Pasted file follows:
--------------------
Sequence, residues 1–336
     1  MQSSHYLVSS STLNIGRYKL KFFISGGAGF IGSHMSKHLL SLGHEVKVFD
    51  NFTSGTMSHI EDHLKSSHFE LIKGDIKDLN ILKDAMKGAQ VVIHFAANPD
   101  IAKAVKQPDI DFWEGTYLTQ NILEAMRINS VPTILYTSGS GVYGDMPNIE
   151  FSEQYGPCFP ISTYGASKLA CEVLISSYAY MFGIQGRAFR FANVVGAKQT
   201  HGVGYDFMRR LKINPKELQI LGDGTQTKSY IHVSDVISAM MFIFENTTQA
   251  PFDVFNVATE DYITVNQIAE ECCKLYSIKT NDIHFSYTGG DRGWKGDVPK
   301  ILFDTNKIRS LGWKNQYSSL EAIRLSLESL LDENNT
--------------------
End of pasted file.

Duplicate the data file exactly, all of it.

Sequence, residues 1–336
     1  MQSSHYLVSS STLNIGRYKL KFFISGGAGF IGSHMSKHLL SLGHEVKVFD
    51  NFTSGTMSHI EDHLKSSHFE LIKGDIKDLN ILKDAMKGAQ VVIHFAANPD
   101  IAKAVKQPDI DFWEGTYLTQ NILEAMRINS VPTILYTSGS GVYGDMPNIE
   151  FSEQYGPCFP ISTYGASKLA CEVLISSYAY MFGIQGRAFR FANVVGAKQT
   201  HGVGYDFMRR LKINPKELQI LGDGTQTKSY IHVSDVISAM MFIFENTTQA
   251  PFDVFNVATE DYITVNQIAE ECCKLYSIKT NDIHFSYTGG DRGWKGDVPK
   301  ILFDTNKIRS LGWKNQYSSL EAIRLSLESL LDENNT